The sample morphology was further examined by SEM imaging, and the results are shown in Figure 2a–d. Sample P0 has a belt-like structure with lengths ranging from 1.20 to 5.50 µm, widths between 0.50 and 1.00 µm, and thicknesses ranging from 0.15 to 0.4 µm (Figure 2a). In the case of sample P5 (Figure 2b), noticeable changes in the dimensions compared to those of sample P0 are observed. The addition of water resulted in a decrease in belt length and an increase in width, with the former ranging from 0.20 to 3.00 µm and the latter ranging from 0.15 to 1.20 µm. The crystals of sample E0 (Figure 2c) exhibit a morphology resembling plates with lengths between 0.25 and 2.75 µm, widths between 0.10 and 0.8 µm, and thicknesses between 0.10 and 0.15 µm. When comparing samples E5 (Figure 2d) and E0, more distinct fluctuations in size are observed for the first sample. The crystal length ranges from 0.25 to 5.40 µm, and the width ranges from 0.10 to 1.25 µm, which is particularly noticeable at the upper ends of the ranges.
The atomic arrangement of individual nanocrystals was examined using transmission electron microscopy (TEM) and high-resolution transmission microscopy (HRTEM). In Figure 2e, a TEM image of a typical nanocrystal (sample P0) is shown. Figure 2f displays HRTEM images taken from the area highlighted by the square in Figure 2e. The nanocrystals were observed to grow with their length along the (010) crystallographic direction and their width along the (100) crystallographic direction. The surface of the nanocrystals consists predominantly of (001) atomic planes, and each nanorod is a single crystal.

3.1.2. FTIR and Raman Spectroscopy

The structure of α-V2O5 can be described as a succession of V2O5 chains aligned parallel to the b-axis (Figure 3a). Within each chain segment, two parallel V=O(1) vanadyl bonds are joined by a V–O(3)–V bridge, while V–O(2)–V bridges serve as links between these segments. Interchain V–O(2) contacts, termed “ladder steps” (LS), establish connections between neighboring V2O5 chains. Figure 3b,c shows the FTIR and Raman spectra of the analyzed samples, respectively.
Based on the spectroscopic studies outlined in the literature, the absorption band observed in the range of 1025–1018 cm−1 (marked as the light pink region in Figure 3b) is associated with the characteristic unshared V=O(1) stretching vibration. Two additional bands, the first falling between 840 and 825 cm−1 (green region) and the second between 590 and 570 cm−1 (blue region), are attributed to the asymmetric and symmetric stretching vibrations of bridging V–O(2)–V, respectively. The band spanning from 530 to 480 cm−1 (light grey) corresponds to the edge-sharing V3–O(3) stretching modes of the oxygen atoms. The FTIR spectra of the samples synthesized in various solvents exhibit noticeable differences (Figure 3b). To refine the characterization of individual bands, the Gaussian function was employed for curve fitting the FTIR data (refer to ESI Figure S1). The central positions of the bands are shown in Table 2. The symmetric stretching V3–O(3) bands for the samples synthesized in a nonaqueous solution (P0 and E0) are shifted to lower frequencies, from the typical band position at 520 cm−1 to 485 cm−1 [27]. This downshift occurs due to weakening of the V–O–V bond. Furthermore, it is evident in these samples that the relative intensity of the V=O(1) band compared to that of V3–O(3) is lower, with values of 0.96 for P0 and 1.02 for E0, compared to those of the samples synthesized in aqueous solutions, P5 and E5, which have values of 1.04 and 1.05, respectively. This decrease in relative intensity, especially for sample P0, could be attributed to interruptions in the V–O–V linkages, resulting in more edge-shearing V–O bonds [28]. In summary, the choice between using aqueous or nonaqueous solutions during the sol-gel synthesis of V2O5 results in distinct structural perturbations within the matrix.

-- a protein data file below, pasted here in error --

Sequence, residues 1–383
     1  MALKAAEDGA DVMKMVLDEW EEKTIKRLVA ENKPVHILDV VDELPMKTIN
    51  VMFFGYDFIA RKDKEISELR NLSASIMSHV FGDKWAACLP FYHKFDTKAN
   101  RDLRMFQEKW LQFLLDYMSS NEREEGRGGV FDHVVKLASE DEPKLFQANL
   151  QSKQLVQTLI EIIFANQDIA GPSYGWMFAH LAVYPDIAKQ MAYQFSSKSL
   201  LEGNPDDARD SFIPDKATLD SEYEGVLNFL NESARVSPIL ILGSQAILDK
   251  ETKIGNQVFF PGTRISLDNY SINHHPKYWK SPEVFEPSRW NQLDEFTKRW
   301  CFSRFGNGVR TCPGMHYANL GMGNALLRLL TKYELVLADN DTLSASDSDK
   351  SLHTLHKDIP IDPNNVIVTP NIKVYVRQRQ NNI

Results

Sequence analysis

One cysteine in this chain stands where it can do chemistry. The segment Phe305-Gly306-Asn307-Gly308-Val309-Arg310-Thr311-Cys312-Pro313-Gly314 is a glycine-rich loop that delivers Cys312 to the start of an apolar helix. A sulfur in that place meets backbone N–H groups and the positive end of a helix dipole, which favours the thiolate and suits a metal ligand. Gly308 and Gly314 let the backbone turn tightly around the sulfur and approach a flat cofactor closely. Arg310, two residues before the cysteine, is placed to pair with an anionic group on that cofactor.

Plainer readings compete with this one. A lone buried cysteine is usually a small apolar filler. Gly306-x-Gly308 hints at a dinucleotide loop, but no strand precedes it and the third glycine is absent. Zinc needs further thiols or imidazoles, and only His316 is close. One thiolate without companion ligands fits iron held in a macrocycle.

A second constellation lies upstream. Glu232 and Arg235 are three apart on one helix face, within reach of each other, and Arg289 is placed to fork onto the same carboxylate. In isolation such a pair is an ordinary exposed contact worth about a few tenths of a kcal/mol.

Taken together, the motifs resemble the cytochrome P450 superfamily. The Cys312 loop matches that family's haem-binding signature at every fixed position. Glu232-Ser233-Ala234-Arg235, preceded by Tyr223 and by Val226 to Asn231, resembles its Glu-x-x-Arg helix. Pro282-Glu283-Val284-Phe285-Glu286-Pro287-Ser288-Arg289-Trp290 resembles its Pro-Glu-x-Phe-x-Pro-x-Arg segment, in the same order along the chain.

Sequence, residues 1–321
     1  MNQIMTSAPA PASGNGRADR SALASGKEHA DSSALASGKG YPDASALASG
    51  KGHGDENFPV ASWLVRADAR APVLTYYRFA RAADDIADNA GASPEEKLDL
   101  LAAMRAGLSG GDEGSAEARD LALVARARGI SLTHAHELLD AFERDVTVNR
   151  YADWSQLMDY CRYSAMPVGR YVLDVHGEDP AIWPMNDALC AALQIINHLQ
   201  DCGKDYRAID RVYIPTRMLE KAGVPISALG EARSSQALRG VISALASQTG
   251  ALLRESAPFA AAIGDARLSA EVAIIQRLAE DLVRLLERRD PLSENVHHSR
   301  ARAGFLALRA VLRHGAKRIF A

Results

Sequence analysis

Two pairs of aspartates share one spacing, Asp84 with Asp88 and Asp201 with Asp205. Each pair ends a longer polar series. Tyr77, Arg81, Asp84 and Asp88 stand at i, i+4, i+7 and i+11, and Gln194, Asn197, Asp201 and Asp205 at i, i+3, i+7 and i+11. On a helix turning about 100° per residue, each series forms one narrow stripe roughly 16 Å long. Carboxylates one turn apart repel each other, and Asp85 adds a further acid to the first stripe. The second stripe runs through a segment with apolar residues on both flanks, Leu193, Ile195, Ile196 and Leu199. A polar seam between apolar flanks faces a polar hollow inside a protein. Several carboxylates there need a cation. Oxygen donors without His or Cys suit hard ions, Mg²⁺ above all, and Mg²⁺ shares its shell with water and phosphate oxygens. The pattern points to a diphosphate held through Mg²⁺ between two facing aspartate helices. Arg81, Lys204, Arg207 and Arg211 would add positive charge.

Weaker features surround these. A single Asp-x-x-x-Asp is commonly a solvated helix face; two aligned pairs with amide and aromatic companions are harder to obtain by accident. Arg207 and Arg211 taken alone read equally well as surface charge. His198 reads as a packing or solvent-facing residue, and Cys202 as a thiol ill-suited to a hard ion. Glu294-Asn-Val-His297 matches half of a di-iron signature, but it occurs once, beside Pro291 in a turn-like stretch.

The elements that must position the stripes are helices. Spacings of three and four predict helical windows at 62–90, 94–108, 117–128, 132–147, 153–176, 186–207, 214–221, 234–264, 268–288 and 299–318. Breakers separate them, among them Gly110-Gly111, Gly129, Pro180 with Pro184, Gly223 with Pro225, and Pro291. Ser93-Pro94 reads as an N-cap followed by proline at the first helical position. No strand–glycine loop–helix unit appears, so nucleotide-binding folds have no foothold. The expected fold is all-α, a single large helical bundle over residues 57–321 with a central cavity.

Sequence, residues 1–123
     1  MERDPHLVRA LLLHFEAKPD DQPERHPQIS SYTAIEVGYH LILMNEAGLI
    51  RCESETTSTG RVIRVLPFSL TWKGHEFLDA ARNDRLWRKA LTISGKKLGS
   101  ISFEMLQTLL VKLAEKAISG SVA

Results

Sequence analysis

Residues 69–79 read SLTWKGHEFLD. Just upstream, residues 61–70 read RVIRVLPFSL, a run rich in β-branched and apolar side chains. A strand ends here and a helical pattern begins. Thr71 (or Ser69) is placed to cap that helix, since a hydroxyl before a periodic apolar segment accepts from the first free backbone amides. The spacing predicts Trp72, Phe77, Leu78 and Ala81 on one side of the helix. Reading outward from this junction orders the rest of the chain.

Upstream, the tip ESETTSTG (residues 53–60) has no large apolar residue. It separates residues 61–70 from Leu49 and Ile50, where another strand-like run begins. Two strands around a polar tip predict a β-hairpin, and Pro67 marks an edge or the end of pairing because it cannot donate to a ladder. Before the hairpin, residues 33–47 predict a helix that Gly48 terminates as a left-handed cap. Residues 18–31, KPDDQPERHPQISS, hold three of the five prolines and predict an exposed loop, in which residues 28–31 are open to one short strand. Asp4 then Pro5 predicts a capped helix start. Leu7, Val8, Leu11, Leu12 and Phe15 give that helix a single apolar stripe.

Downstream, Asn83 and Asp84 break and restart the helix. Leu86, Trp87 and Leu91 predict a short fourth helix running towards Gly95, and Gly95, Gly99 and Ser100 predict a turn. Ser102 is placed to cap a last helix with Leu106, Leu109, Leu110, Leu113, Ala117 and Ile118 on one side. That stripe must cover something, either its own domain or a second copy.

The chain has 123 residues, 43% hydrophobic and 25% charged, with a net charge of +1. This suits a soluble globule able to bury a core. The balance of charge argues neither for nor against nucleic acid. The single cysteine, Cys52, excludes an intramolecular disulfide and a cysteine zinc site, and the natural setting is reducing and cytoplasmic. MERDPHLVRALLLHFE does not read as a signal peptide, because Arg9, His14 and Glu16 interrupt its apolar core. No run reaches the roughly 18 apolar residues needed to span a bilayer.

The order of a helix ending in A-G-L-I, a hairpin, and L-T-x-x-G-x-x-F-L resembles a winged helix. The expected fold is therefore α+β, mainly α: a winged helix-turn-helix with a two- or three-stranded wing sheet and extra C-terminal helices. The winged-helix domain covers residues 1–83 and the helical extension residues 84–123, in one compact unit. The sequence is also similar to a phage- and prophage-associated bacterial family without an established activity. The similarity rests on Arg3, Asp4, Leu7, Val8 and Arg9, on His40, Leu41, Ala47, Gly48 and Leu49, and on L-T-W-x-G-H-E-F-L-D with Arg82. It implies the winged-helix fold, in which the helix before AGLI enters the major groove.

As can been seen in the Raman spectra (Figure 3c), the significant peak at 140 cm−1 is attributed to the skeletal bent vibration, providing evidence for the layered structure of the V2O5 phase and nanorods [29,30]. Peaks at 191 and 279 cm−1 arise from bending vibrations of the O(3)–V–O(2) bond related to B2g symmetry [31]. The band at 401 cm−1 corresponds to bending vibrations of the V=O bonds associated with Ag symmetry. A signal for the bending vibration of V–O–V doubly coordinated oxygen is observed at 475 cm−1. The band at 521 cm−1 refers to the stretching modes of triply coordinated oxygen (V3–O(3)), tied to Ag symmetry vibration, while band at 696 cm−1 is associated with the stretching and bending vibrational modes of doubly coordinated oxygen (V2–O), related to B2g symmetry [32]. The band at 991 cm−1 corresponds to the terminal oxygen (V5+–O) stretching mode.

3.1.3. XPS and UV-vis DRS Studies